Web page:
Here, the line between therapy and enhancement is often blurry. Numerous therapeutic methods, some routine for decades, can be construed as soldier “enhancement.” Forms of regenerative and performance-enhancing therapies already exist to treat degenerative conditions. Somatic gene therapy, though very much inchoate, alters a patient’s genome, purporting to restore deficient cellular functions. Neuro-enhancements, like deep-brain stimulation or brain-computer interfaces, repair motor or cognitive skills, but potentially could enhance them beyond natural capabilities. For amputees, prosthetic limb technology has advanced to such a point that many injured troops who undergo limb amputations are able to redeploy into combat.
There are fundamental differences, though, between using deep brain stimulation to treat neurological disorders, pain, and depression, and using it to boost soldiers’ brain functions or eliminate their pain or aberrant moods. Soldier enhancement is now a distinct and separately pursued agenda than soldier therapy —one that benefits from generous state funding. In early 2014, the Pentagon announced its plans to experiment with the use of electricity to stimulate troops’ brains, making them better able to cope with depression and sleep deprivation. Those efforts are complemented by DARPA, a tech research and development agency within the U.S. Defense Department, whose planned pursuit of soldier enhancement reads like the stuff of Hollywood blockbusters: Herculean stress resistance, improved immunity from injury or illness, jetpacks to enable any soldier to run a four-minute mile, underwater propulsion devices that enable humans to swim like fish, and climbing aids that allow soldiers to scale vertical walls “just like Spider-Man,” in the words of the Washington Post.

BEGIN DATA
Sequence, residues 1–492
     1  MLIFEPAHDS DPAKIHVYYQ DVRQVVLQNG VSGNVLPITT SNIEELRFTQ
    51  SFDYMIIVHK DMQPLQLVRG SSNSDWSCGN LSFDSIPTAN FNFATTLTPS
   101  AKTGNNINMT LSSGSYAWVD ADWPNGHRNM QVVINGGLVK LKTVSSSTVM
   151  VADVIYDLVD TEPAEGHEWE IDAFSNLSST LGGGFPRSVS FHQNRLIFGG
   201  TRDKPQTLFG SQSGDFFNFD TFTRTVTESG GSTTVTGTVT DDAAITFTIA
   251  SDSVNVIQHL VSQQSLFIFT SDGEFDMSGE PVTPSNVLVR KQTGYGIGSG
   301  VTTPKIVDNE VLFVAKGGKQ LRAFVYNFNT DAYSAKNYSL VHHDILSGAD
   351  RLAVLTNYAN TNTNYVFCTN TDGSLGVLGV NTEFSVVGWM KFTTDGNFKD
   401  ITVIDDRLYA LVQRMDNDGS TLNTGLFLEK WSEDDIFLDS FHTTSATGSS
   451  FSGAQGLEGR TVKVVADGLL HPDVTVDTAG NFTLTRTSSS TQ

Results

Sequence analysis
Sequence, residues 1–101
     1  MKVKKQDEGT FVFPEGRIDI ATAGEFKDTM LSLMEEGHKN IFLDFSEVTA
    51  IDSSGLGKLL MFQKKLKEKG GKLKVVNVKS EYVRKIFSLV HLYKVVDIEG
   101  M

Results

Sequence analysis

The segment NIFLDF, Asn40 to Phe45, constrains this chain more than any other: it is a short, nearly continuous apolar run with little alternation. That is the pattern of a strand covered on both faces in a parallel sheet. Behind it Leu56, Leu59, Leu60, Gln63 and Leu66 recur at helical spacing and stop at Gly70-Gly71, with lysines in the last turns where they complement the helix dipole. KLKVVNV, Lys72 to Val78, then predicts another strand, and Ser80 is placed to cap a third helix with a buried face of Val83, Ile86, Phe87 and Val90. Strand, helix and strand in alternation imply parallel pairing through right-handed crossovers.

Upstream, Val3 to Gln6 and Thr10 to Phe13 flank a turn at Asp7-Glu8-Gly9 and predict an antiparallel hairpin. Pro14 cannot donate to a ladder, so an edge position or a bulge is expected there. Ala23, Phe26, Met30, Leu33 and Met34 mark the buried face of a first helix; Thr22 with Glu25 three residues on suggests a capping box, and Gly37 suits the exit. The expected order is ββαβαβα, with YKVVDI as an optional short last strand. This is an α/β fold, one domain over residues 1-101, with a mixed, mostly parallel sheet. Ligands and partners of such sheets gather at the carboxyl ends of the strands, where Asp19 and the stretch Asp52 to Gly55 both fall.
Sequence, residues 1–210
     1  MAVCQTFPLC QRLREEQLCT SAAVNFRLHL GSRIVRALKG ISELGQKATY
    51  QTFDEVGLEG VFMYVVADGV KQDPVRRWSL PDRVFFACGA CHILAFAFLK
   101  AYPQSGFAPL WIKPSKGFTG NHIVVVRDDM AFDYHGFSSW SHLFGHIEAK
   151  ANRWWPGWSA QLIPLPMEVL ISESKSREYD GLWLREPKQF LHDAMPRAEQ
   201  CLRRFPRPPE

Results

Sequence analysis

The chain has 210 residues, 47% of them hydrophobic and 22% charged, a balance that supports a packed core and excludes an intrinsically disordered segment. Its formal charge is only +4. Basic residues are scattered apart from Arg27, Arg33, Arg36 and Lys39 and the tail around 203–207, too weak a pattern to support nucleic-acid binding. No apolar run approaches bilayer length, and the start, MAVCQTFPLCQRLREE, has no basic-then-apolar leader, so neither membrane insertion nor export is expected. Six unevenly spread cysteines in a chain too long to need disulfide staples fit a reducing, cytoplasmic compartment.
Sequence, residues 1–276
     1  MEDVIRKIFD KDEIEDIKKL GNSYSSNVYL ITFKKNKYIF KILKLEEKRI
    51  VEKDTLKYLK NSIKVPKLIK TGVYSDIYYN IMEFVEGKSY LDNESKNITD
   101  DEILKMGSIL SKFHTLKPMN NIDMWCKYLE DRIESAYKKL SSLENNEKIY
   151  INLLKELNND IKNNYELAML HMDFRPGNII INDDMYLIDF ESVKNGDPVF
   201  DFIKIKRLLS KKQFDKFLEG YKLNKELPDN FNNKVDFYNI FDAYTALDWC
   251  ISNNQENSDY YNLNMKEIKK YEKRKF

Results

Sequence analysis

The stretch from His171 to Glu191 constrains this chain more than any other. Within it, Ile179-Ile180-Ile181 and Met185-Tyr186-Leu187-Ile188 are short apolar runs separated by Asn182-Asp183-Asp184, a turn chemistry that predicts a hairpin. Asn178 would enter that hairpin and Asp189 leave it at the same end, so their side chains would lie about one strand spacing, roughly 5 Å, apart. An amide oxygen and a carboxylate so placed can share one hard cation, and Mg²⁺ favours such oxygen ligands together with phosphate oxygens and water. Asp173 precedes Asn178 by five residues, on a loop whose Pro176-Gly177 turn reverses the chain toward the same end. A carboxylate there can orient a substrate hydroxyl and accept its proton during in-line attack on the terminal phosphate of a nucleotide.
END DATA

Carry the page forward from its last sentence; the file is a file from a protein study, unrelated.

Soldier-enhancement encompasses an incredibly vast array of techniques, and a virtually limitless amount of opportunity and risk.
Challenges to the ethics and laws of war
Evolving war technologies will rewrite the balance of power in military operations and raise urgent questions for lawyers and policymakers. The coming era of enhanced weapons and super-soldiers will simply outmatch our existing ethical, customary, and legal norms of warfare as inscribed in international law or the Geneva Conventions. We don’t necessarily need to rewrite every statue, but we cannot afford not to read them with new eyes. Technology’s forward march will require us to reconsider and occasionally rewrite the rules of war.
Some of these technologies will raise such profound ethical dilemmas that they may require decades to solve. Given our very limited knowledge of the potential harm caused by emerging weaponry, past standards of “excessive harm” might need to be reinterpreted. Since the 1907 Hague Regulations, international humanitarian law has rested on the general principle that the “means of warfare is not unlimited.” The Geneva Conventions of 1949 reaffirmed this, outlawing any weapon that caused “unnecessary suffering,” “superfluous injury,” and “long term and severe damage to the natural environment.” No one can say for sure what any of the Geneva weapons criteria will mean in an age of invisible super-soldiers and magnetic machine guns. Nanotech-infused weaponry and modifications, like flame retardant guns or electrically conductive clothing, rely on manipulation at the atomic and molecular levels. It’s easy to imagine resultant “severe damage to the natural environment” or health risks arising from such atomic engineering.